Wild Boars in Western New York
Three Wild Boars in Allegany State Park
No sooner had I written about the (remote) possibility of the moose being the next mammal to roam our wild lands, than we were informed that another mammal had beaten the moose to western New York.
That animal is the wild boar.
Now wait a minute. Don't farmers across the state raise pigs and male pigs are called boars? Those are farm animals and should count as wild no more than cows or sheep that occasionally wander away from their owner's barnyard.
True enough, but wild boars are only relatives of our domestic pigs and they are truly wild animals. Unlike the usage with domestic pigs, the term wild boar applies to the entire species, thus it is correct to use the odd-sounding description: wild boar sows.
Pigs are not native to the Western Hemisphere. We do, however, have collared peccaries, pig-like animals of a different genus whose range extends from Mexico into southern Texas, New Mexico and Arizona. They are much smaller than wild boars.
The wild boars' normal range extends over parts of Europe, Africa and Asia as far south as Indonesia. They have been introduced elsewhere, and in particular in our southern states as game animals suitable for hunting. Domestic pigs were also brought to this country from Europe to serve colonists as food. Feral pigs escaping from farms readily interbreed with wild boars.
You would have little difficulty telling a wild boar from a domestic pig. The wild animals are dark gray to black and are covered with short fur. Both males and females have tusks and a furry tail. Young wild boars are rather brightly colored and might even be mistaken for calico cats.
Adults stand about a yard high at the shoulder, but there is a great deal of size variation among these animals. They usually weigh about 200 pounds, but one Russian boar weighed 661 pounds.
While attacks on humans are rare, those tusks can do a great deal of damage.
An interesting law of nature appears to apply to this species. It is Bergmann's Law, which says that northern representatives of a species are larger, because this gives them a smaller surface area to volume ratio and thus greater protection from the cold. (Heat is generated by an animal's interior and escapes through an animal's skin.)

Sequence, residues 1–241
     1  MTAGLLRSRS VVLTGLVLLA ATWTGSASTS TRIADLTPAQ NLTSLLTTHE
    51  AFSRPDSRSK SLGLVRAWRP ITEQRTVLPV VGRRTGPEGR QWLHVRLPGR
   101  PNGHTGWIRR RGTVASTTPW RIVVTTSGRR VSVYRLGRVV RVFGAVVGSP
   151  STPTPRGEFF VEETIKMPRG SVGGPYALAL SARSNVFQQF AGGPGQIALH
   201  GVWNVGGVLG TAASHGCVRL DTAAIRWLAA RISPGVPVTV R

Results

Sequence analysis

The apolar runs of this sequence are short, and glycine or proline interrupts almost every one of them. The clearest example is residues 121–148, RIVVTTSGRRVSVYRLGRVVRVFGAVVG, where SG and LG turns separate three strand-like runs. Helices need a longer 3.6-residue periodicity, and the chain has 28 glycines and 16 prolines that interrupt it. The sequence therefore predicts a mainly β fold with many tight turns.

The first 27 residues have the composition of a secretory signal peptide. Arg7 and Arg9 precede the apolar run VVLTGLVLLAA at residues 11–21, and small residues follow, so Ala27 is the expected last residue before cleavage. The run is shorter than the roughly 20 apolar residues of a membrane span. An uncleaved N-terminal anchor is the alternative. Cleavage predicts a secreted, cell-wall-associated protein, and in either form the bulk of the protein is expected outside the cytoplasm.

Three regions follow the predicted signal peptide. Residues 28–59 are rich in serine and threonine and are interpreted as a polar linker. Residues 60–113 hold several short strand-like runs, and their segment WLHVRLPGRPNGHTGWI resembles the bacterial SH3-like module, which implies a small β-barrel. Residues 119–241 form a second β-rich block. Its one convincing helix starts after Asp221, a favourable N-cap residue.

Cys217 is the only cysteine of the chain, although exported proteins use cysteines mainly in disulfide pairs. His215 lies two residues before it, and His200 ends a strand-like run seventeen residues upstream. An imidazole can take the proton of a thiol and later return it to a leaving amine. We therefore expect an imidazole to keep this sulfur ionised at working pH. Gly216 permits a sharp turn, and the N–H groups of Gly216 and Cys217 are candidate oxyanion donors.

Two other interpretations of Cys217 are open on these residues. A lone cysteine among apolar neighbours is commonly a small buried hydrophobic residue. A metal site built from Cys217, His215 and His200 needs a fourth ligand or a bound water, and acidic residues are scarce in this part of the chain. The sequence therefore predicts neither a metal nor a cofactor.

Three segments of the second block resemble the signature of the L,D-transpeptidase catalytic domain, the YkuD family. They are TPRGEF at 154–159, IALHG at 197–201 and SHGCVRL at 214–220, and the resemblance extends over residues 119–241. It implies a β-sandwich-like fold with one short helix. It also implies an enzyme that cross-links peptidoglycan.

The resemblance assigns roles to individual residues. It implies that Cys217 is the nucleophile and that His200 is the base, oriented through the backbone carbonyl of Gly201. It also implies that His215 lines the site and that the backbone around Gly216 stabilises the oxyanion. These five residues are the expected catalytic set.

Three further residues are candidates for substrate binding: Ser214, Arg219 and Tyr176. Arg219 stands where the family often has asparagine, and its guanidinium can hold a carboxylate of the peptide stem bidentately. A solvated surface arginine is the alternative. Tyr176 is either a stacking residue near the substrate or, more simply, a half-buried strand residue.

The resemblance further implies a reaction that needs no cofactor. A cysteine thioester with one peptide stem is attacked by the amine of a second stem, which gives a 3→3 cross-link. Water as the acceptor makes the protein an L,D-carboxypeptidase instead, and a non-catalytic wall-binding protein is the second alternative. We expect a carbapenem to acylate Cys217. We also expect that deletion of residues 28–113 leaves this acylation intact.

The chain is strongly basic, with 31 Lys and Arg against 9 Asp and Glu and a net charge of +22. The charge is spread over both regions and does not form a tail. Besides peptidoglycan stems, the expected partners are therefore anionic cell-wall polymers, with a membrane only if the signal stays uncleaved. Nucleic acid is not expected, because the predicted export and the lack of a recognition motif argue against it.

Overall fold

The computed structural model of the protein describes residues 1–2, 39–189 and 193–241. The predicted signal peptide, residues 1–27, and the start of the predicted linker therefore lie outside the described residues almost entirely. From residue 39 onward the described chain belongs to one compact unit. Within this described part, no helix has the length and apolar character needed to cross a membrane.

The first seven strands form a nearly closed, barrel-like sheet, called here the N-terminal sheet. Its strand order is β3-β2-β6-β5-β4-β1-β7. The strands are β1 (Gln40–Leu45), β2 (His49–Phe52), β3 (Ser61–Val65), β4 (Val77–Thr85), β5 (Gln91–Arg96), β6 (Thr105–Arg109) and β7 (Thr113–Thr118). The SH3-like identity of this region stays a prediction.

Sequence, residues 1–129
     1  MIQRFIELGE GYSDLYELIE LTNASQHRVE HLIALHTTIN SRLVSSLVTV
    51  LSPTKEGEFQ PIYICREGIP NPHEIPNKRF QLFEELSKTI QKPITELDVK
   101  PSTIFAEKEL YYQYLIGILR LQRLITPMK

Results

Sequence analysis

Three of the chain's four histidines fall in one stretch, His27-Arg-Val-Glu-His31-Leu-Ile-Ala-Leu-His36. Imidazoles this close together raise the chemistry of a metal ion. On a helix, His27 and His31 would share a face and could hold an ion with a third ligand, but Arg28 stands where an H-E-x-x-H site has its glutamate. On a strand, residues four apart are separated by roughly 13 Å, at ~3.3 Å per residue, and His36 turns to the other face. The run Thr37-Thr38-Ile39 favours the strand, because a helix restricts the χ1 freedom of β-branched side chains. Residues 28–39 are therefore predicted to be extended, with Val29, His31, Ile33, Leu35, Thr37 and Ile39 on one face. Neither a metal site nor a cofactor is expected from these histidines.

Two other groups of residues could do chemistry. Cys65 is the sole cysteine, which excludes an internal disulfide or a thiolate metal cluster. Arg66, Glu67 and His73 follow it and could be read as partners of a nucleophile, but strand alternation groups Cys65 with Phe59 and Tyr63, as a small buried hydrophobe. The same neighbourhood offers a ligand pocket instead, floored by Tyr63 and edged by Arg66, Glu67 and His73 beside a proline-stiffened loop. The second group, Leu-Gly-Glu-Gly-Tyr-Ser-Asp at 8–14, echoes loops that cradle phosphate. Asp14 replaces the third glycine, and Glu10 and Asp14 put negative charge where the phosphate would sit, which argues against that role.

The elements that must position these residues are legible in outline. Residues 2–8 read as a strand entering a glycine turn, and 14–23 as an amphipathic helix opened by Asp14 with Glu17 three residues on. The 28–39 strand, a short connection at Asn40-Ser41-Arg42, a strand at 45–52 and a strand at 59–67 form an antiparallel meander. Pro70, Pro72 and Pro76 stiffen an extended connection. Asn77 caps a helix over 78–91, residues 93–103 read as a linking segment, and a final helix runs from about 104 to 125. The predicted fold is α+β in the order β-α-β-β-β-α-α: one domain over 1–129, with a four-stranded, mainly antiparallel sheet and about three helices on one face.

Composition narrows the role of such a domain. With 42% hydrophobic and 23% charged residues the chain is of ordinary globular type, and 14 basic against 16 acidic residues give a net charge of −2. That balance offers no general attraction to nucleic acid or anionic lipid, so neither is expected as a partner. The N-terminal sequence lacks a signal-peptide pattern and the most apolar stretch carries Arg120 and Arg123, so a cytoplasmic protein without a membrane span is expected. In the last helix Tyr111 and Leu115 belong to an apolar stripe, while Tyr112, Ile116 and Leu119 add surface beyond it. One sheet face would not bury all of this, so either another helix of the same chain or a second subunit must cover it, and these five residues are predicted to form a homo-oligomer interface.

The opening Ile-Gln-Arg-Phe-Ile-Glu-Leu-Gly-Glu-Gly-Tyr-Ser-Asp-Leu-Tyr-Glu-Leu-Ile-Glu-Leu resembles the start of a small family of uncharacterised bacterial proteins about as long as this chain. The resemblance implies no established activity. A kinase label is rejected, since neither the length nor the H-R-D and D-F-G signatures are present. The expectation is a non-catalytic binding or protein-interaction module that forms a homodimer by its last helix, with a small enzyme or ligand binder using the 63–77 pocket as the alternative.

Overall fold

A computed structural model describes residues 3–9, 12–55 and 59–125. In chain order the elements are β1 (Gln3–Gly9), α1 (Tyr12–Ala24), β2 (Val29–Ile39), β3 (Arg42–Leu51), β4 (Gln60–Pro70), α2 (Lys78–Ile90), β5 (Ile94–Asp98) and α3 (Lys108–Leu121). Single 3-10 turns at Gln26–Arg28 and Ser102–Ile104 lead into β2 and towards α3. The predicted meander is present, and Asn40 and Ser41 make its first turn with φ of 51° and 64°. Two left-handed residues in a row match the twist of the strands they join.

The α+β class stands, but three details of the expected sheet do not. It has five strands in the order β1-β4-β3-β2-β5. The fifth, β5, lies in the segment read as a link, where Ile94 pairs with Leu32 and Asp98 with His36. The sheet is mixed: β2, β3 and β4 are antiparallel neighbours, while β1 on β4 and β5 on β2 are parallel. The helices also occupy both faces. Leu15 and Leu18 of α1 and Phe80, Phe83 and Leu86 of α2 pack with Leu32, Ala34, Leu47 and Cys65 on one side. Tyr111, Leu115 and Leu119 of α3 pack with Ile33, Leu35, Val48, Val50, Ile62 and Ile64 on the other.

Adult male wild boars are generally solitary but females and their offspring often live in groups called sounders, which typically number about 20 individuals but can include over 50. Although several families are usually represented, a single sow plays a dominant role. The animals generally are crepuscular, that is, active at dawn and dusk, spending the remainder of the days and nights resting.
While most American wild boars are found in the states bordering the Gulf of Mexico, some have also been introduced to our adjoining states, Vermont and Pennsylvania. And clearly it does not take many to develop a thriving population. Wild boars breed twice a year and have eight to twelve young in a litter.
Now we have several reports of these animals in Allegany State Park, as well as more south of Syracuse. The source of these animals is not known. They may have wandered in from Pennsylvania, escaped from game farms or been trucked in by individuals who wish to add these animals to their hunting bag.
Whatever their source, however, most conservationists do not welcome these animals. They eat almost anything they come across, including both plants and animals: grass, nuts, berries, roots, refuse and carrion, insects, small reptiles, even young deer and lambs.
Far from wanting only to control the population of these wild boars in New York, the state's Department of Environmental Conservation wants to rid the state of them entirely. Its current hunting guide includes this notice: "Feral swine are a harmful, invasive species. DEC is working to eradicate feral swine from NY's landscape. Hunters with small game hunting privileges may shoot and keep feral swine, at any time, and in any number."